Sheet and film process control is often structured such that separate controllers and actuators are dedicated to either the temporal (i.e, machine direction) variations or the spatial (i.e., cross direction) variations. The dedicated machine direction (MD) and cross direction (CD) controllers require separate measurements of the MD and CD sheet property profiles, respectively. The current industrial standard involves a traversing sensor that acquires a signal containing both MD and CD property variations. The challenge then becomes how does one extract separate MD and CD profiles from the mixed signal. Numerous techniques have been proposed, but ultimately the traditional exponential filtering method continues to be the industrial standard. A more recent technique, compressive sensing, appears promising but previous developments do not address the industrial constraints. In the first part of this thesis the compressive sensing technique is developed further, specifically with regards to feasibility of implementation. A comparative analysis is performed to determine the benefits and drawbacks of the proposed method. Model-based control has gained widespread acceptance in a variety of industrial processes. To ensure adequate performance, these model-based controllers require a model that accurately represents the true process. However, the true process is changing over time as a result of the various operating conditions and physical characteristics of the process. In part two of this thesis an integrated adaptive control strategy is introduced for the multi-input multi-output MD process of a paper machine. This integrated framework consists of process monitoring, input design and system identification techniques developed in collaboration with multiple colleagues. The goal of this work is to unify these efforts and exhibit the integrated functionality on an industrial paper machine simulator.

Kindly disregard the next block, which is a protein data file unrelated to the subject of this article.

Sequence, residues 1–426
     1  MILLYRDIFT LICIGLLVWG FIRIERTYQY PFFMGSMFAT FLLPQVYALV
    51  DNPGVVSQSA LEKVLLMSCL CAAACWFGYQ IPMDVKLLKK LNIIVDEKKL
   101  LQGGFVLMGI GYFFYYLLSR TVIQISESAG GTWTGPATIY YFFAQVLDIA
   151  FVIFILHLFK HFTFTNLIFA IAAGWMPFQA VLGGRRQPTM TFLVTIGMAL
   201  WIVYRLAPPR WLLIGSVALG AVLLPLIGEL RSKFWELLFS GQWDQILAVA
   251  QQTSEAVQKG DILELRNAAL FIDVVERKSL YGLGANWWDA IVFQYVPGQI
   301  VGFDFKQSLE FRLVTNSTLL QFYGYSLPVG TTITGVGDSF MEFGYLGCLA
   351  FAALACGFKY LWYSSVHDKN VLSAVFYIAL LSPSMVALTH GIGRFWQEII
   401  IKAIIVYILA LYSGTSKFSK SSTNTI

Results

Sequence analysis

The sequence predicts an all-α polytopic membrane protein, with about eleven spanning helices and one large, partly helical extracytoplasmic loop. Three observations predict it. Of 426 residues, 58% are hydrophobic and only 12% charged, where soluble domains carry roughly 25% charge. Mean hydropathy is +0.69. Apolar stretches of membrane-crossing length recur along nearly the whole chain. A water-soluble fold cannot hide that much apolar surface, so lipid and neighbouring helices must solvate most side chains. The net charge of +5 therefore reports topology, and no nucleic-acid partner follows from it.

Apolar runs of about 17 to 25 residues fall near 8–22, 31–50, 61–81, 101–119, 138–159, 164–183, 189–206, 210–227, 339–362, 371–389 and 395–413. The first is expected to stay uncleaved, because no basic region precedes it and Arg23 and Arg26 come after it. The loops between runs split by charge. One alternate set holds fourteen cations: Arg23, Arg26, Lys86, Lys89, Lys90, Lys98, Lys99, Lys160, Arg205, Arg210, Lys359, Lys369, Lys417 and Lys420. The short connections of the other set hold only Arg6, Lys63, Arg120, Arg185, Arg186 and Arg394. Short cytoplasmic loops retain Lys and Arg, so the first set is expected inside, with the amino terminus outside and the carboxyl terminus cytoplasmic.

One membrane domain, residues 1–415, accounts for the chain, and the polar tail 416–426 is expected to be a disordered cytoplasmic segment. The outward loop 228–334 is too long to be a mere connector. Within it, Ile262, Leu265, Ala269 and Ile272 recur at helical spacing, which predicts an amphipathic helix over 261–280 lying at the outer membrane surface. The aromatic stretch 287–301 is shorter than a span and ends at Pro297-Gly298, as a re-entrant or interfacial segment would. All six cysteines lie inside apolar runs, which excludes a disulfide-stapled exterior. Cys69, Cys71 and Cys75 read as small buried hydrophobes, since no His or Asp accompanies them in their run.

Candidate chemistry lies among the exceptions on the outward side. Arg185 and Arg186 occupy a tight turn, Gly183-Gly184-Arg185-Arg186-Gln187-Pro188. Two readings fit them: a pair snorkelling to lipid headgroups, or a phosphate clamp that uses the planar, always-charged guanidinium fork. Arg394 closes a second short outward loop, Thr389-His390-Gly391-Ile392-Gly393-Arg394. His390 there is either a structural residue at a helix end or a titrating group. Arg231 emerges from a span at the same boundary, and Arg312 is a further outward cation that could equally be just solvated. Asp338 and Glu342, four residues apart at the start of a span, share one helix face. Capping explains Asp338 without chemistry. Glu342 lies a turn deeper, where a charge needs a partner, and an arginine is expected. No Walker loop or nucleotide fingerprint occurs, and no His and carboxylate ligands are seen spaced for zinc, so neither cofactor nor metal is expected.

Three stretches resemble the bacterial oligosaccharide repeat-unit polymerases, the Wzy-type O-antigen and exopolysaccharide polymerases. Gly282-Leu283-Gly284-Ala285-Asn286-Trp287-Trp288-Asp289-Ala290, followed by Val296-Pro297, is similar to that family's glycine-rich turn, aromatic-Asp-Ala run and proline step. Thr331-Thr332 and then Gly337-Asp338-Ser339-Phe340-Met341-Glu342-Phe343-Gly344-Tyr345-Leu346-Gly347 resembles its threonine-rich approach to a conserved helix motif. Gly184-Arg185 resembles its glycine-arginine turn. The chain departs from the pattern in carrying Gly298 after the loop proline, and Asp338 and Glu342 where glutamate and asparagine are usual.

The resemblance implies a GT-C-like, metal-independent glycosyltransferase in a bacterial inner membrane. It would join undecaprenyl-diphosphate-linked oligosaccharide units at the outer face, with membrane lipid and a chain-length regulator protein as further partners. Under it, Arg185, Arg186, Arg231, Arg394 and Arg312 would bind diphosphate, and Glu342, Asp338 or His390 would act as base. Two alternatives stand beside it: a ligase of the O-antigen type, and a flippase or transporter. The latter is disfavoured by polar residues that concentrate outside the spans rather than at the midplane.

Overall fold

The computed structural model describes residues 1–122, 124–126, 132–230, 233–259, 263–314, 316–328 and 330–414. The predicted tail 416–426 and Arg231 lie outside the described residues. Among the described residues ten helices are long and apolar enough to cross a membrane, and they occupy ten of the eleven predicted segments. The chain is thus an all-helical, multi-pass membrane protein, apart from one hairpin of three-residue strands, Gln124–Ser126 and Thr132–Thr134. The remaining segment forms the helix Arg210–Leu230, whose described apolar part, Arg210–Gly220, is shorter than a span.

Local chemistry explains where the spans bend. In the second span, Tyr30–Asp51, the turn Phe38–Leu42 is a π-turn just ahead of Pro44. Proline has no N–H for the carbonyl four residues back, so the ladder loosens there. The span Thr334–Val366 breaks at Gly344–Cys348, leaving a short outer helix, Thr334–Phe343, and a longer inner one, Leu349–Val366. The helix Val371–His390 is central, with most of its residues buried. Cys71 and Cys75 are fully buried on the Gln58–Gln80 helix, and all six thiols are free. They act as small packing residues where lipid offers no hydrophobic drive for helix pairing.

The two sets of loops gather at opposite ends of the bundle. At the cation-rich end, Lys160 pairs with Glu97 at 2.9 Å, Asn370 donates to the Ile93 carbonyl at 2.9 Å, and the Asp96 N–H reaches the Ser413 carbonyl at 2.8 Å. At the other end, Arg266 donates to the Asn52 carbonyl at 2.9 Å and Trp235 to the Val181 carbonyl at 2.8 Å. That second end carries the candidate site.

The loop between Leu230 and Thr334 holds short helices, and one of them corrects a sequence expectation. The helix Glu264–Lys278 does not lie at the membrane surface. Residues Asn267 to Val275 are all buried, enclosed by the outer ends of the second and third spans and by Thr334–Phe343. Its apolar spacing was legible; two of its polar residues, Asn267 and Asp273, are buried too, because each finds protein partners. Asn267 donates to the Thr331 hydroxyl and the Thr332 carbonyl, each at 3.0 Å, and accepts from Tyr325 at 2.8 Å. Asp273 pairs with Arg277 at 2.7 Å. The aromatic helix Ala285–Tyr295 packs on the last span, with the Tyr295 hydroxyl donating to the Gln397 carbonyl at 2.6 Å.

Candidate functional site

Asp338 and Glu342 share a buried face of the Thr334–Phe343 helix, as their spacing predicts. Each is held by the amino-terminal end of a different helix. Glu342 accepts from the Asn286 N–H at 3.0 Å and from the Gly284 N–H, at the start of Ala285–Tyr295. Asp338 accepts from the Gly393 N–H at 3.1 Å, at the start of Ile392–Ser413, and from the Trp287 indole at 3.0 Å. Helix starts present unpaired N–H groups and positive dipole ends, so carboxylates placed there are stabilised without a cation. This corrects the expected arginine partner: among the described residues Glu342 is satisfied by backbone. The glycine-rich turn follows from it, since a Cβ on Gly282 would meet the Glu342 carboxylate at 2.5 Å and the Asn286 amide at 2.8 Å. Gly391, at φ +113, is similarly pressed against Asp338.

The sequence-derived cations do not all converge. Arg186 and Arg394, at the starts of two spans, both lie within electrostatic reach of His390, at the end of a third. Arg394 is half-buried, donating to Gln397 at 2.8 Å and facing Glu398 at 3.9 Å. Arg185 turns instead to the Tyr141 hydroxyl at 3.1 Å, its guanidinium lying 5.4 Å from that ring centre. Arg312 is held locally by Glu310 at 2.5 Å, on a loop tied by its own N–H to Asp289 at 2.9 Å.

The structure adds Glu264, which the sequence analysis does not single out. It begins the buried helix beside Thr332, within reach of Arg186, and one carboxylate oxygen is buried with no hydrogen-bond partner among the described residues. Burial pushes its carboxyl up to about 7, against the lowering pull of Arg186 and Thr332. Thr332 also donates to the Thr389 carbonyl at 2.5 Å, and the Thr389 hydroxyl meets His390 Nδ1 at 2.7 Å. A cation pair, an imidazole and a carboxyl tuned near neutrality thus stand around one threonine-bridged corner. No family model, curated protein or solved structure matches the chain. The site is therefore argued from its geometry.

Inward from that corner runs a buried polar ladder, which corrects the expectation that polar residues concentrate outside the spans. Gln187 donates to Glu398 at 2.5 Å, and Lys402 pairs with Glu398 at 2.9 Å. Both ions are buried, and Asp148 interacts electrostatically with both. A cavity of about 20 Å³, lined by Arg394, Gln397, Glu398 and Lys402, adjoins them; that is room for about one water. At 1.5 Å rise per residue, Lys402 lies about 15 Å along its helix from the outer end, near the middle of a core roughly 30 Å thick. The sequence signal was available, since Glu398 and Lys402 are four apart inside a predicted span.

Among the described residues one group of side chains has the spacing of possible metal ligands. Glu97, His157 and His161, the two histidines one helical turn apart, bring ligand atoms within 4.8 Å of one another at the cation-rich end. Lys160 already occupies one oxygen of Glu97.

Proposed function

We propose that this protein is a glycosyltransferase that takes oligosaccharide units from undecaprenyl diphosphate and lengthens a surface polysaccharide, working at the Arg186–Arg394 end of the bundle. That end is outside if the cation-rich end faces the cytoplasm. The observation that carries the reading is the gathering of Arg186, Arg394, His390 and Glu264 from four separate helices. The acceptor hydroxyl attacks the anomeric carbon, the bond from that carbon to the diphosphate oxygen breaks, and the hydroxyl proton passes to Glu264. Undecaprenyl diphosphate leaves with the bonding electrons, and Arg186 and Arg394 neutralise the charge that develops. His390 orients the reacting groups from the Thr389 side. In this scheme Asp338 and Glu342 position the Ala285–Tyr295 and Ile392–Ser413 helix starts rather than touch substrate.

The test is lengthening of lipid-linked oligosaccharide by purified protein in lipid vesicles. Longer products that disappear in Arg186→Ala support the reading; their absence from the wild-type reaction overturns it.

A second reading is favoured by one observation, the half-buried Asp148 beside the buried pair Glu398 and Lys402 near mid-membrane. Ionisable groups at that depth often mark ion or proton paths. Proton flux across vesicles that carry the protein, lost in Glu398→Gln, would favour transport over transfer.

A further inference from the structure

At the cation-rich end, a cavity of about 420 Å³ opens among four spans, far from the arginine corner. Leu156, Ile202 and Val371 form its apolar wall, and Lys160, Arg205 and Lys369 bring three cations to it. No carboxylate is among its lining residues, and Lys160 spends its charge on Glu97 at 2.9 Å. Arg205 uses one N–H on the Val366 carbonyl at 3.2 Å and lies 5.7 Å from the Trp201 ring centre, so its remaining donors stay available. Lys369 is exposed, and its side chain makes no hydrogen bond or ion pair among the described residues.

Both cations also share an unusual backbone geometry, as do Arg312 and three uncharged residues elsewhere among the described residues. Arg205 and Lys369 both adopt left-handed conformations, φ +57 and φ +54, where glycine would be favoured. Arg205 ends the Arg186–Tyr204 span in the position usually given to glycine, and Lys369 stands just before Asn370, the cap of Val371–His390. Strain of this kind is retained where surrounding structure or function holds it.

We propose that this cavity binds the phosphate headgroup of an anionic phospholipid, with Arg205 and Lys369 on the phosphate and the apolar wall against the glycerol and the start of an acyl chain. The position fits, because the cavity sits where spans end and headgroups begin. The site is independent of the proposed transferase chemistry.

Recommended citation: Rippon, L. D. (2017). “Sheet profile estimation and machine direction adaptive control.” University of British Columbia, Vancouver. MASc dissertation.